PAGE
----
Mark Van Yetter “You can observe a lot by just watching”

Bridget Donahue

poster for Mark Van Yetter “You can observe a lot by just watching”
[Image: Mark Van Yetter "for the sophisticated theater goer" (2017) oil on paper, 17 × 14 in.]

This event has ended.

What we are used to is always preferable to what is unfamiliar. (Moderately disagree)

That evening, Arthur read a book he had borrowed from the public library on deep sea exploration. It had a section of colored photographs, some of phosphorescent animalcules which had always fascinated Arthur. A group of scientists had dived in something like a glass submarine off the Galapagos Islands and discovered geysers of unusually warm water at great depth. The warmth of the water had enabled huge worms and foot-wide red clams to live down there, all of the life forms having adapted themselves to the terrific pressure, so that now they never came even halfway to the surface. Arthur wondered if he would ever make it to a ship like the one the book described, to be one of a team of scientists diving in glass bells to look at the bottom of the Pacific Ocean?
I would like to live in a foreign country for a while. (Strongly agree)

The deep sea book was the only thing that kept his thoughts from Maggie that evening. Usually he loved daydreaming about
her, but now anxiety seized him when he thought of her. Something could go wrong, and she could die. It is more fun to tackle a complicated problem than to solve a simple one. (Slightly disagree)

By 10 the next morning, Arthur was at Mrs. DeWitt’s. Her pink and yellow roses were in bloom in newly cleared beds. A big apple tree stump remained in the center of the backyard lawn, and Mrs. DeWitt had said she wanted it removed, but Arthur had dodged the task, because the two foot wide stump would take an electric saw and a tractor to get out.

In the long run it is possible to get more done by tackling small, simple problems rather than large and complicated ones. (Moderately agree)
Arthur was inspired to tackle the toolshed for the second time, and to sort out what was usable and what wasn’t. There was an old frame barely recognizable as that of a bicycle, dried-up cans of paint, empty glass jars, and old rags full of spider webs. Arthur amassed a heap on the lawn.

Mrs. DeWitt came out with a bottle of cold ginger ale for him. “That’s a step in the right direction,” she said, meaning the heap of junk. “I’ll speak to the garbage man, give him a tip, and he can carry that off.” Arthur was working without his shirt. Sweat ran down his sideburns and his neck. “Thank you ma’am,” said Arthur, taking the ginger ale bottle.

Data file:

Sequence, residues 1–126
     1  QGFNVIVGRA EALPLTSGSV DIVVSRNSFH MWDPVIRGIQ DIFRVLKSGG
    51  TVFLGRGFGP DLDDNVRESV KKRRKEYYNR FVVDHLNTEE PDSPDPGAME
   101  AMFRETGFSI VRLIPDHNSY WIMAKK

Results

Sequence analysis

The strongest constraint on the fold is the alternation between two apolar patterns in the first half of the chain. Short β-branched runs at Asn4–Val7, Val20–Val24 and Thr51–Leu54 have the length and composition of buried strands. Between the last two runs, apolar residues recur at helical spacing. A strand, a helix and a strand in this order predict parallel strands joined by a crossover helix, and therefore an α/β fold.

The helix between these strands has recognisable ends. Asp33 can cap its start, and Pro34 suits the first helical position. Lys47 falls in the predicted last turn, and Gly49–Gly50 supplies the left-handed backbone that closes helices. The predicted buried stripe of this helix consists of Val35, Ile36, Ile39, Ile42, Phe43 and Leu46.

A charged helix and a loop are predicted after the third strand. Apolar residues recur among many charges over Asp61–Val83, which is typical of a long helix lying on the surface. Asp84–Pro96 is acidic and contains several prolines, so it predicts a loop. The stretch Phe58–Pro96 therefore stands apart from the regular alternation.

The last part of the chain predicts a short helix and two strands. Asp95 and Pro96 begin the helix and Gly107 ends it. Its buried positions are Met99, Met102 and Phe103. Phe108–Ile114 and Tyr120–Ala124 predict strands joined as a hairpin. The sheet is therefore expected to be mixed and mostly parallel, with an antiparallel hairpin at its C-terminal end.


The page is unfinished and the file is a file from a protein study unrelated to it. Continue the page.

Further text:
Teachers or supervisors who hand out vague assignments give one a chance to show initiative and originality. (Neither agree nor disagree)

Mrs. Dewitt suddenly reminded him of a striped mattress. Today her bulk was shrouded in a blue and white striped dress, plain as a nightgown; she wore house-slippers on her bare feet, and her white hair looked as if she hadn’t touched it since she got out of bed.

“Have some lunch with me today, if you’d like to, Arthur. Got some cold fried chicken and potato salad. Ice cream, too.”
That sounded rather good, worth putting up with the cat smell for. Then he could work another hour or so in the afternoon. “Nice of you. I’ll say yes.”
Text by Colin Whitaker

Mark Van Yetter (b. 1978) lives and works in the Poconos, Pennsylvania. Van Yetter co-founded exhibition space Marquise Dance Hall in 2007-2015, which started as a book and record store in New York, before transitioning to an itinerant gallery in Istanbul. Upcoming, Van Yetter will present a solo exhibition ‘Drawings 2005 - 2018: 20 Propositions’ at Salzburger Kunstverein in Austria. Selected previous solo and two-person exhibitions include: ‘The Terrifying Abyss of Skepticism,’ Bridget Donahue, New York; ‘We are what we walk between,’ Micky Schubert, Berlin; ‘Mark Van Yetter: The mere knowledge of a fact is pale,’ Kunsthall Stavanger, Stavanger Norway; ‘Meek Commandments,’ VI, VII, Oslo, Norway; ‘Dismal Plight,’ with Jonas Lipps, Cleopatra’s, New York; ‘Class Action,’ PlazaPlaza, London; ‘Perceptual Vigilance,’ Galerie Micky Schubert, Berlin; Mark van Yetter, Alex Zachary, New York and ‘Intolerance To Contemporary Life,’ HOTEL, London.



from April 29, 2018 to July 15, 2018


Mark Van Yetter

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